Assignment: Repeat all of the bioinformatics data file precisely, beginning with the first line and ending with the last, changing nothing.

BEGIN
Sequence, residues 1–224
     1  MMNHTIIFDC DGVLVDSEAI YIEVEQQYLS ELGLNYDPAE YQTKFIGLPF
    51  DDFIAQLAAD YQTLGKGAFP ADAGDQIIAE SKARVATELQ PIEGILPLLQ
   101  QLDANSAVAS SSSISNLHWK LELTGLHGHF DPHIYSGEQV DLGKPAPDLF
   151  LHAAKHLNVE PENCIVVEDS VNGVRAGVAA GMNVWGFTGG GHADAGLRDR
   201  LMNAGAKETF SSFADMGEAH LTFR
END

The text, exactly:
Sequence, residues 1–224
     1  MMNHTIIFDC DGVLVDSEAI YIEVEQQYLS ELGLNYDPAE YQTKFIGLPF
    51  DDFIAQLAAD YQTLGKGAFP ADAGDQIIAE SKARVATELQ PIEGILPLLQ
   101  QLDANSAVAS SSSISNLHWK LELTGLHGHF DPHIYSGEQV DLGKPAPDLF
   151  LHAAKHLNVE PENCIVVEDS VNGVRAGVAA GMNVWGFTGG GHADAGLRDR
   201  LMNAGAKETF SSFADMGEAH LTFR